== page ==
Roesner, David P.; Kendrick, Lynne (eds.)
Theatre Noise. The Sound of Performance.
Newcastle: Cambridge University Scholars
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This book is a timely contribution to the emerging field of the aurality of theatre and looks in particular at the interrogation and problematisation of theatre sound(s). Both approaches are represented in the idea of ‘noise’ which we understand both as a concrete sonic entity and a metaphor or theoretical (sometimes even ideological) thrust.
Theatre provides a unique habitat for noise. It is a place where friction can be thematised, explored playfully, even indulged in: friction between signal and receiver, between sound and meaning, between eye and ear, between silence and utterance, between hearing and listening. In an aesthetic world dominated by aesthetic redundancy and ‘aerodynamic’ signs, theatre noise recalls the aesthetic and political power of the grain of performance.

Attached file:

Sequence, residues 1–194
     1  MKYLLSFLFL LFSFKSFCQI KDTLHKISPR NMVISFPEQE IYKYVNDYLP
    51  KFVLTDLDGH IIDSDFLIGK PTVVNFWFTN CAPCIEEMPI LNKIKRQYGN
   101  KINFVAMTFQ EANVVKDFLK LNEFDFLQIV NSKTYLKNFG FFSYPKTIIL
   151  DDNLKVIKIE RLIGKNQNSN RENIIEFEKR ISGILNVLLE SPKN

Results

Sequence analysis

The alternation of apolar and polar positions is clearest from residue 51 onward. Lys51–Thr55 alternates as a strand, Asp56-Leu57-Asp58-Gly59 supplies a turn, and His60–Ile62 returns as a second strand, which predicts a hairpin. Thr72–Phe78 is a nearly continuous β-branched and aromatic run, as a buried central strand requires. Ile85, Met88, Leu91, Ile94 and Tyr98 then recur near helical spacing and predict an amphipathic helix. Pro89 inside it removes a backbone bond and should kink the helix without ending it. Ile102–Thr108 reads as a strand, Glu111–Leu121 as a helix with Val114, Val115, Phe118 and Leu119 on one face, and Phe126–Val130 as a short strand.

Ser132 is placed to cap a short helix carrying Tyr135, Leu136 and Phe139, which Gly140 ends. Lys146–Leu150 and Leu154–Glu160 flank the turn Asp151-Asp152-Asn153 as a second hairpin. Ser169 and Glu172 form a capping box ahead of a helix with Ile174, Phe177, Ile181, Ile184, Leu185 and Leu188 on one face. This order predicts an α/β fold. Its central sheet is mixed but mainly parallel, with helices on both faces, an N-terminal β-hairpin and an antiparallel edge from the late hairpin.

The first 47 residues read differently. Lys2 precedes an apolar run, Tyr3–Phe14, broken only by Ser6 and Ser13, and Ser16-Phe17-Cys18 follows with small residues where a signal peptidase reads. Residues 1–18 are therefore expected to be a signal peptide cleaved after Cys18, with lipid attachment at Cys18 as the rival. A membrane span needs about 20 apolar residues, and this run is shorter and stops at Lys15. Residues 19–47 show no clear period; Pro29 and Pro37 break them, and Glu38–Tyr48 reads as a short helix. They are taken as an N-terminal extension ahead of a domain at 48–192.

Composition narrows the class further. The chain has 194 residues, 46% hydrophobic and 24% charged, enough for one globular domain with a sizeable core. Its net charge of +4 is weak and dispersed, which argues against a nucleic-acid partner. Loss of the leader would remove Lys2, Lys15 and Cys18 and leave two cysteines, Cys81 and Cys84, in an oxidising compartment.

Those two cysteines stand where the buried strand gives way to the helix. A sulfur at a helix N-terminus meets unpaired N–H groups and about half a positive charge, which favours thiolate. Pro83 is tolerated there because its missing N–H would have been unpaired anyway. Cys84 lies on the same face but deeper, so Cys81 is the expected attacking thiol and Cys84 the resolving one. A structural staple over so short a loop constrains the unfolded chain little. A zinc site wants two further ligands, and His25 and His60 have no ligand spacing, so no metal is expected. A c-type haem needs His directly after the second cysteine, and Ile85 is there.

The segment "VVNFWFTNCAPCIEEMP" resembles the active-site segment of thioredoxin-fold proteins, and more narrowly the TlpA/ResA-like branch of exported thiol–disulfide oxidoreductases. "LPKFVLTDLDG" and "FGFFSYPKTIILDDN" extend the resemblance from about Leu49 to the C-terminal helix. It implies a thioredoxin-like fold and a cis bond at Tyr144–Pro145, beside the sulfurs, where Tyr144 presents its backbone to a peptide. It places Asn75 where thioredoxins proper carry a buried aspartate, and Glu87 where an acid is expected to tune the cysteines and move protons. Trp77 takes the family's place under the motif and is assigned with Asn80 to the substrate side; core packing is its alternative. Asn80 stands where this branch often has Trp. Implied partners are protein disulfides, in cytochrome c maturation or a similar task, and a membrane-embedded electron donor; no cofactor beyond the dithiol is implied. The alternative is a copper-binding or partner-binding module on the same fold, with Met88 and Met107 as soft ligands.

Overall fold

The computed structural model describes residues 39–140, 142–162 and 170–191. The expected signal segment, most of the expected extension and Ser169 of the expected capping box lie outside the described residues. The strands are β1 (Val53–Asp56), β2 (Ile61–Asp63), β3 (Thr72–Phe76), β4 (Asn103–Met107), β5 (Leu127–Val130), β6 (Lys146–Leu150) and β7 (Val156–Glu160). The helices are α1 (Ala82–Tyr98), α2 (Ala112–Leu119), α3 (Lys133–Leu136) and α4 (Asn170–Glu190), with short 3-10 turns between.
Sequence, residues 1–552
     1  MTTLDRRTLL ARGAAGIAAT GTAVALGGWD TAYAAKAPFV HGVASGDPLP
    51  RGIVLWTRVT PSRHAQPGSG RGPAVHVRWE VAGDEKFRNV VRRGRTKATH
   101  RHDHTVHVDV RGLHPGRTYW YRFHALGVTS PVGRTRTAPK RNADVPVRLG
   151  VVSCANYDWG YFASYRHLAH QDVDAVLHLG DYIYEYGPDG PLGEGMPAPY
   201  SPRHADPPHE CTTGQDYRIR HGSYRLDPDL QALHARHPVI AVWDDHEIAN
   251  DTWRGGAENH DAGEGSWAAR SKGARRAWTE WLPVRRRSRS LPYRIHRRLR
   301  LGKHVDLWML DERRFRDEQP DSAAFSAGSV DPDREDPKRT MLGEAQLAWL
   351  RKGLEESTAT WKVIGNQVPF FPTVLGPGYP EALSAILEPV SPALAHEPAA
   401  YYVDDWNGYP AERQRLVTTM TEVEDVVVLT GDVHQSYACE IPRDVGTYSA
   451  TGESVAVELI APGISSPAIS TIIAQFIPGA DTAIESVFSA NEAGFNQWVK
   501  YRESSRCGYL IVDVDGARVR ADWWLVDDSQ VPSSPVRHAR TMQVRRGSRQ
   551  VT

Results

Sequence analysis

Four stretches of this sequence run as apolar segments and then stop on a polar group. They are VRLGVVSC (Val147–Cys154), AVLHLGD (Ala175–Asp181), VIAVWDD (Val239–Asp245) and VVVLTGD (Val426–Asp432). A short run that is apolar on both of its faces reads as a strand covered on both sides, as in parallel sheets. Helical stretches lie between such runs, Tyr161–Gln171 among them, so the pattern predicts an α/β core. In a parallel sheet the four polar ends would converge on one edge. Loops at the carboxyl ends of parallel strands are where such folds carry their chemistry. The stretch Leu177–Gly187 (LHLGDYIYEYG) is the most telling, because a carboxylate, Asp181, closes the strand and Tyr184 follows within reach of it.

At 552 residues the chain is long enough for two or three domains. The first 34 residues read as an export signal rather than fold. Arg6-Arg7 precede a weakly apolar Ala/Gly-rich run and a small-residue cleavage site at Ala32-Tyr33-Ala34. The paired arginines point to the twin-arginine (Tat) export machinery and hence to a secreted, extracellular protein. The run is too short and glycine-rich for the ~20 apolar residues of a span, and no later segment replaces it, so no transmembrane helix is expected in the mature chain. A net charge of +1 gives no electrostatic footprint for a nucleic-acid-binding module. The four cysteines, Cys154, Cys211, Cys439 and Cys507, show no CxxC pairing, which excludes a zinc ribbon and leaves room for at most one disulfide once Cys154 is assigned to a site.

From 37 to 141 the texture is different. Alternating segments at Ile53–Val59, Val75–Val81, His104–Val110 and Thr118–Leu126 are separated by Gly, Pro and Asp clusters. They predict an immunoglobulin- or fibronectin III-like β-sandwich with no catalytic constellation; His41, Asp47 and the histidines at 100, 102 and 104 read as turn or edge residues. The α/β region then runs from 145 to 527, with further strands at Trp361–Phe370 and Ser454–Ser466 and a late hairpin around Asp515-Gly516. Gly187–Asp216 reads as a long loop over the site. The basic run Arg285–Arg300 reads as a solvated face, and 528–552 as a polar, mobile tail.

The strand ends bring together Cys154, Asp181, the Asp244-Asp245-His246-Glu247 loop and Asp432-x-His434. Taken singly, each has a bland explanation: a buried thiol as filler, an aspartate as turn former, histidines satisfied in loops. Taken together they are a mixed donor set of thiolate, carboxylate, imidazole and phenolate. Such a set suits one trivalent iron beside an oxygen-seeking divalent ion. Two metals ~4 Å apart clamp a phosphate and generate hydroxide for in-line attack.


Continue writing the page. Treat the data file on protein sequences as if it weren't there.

‘Theatre noise’ is a new term which captures a contemporary, agitatory acoustic aesthetic. It expresses the innate theatricality of sound design and performance, articulates the reach of auditory spaces, the art of vocality, the complexity of acts of audience, the political in produced noises. Indeed, one of the key contentions of this book is that noise, in most cases, is to be understood as a plural, as a composite of different noises, as layers or waves of noises. Facing a plethora of possible noises in performance and theatre we sought to collocate a wide range of notions of and approaches to ‘noise’ in this book – by no means an exhaustive list of possible readings and understandings, but a starting point from which scholarship, like sound, could travel in many directions.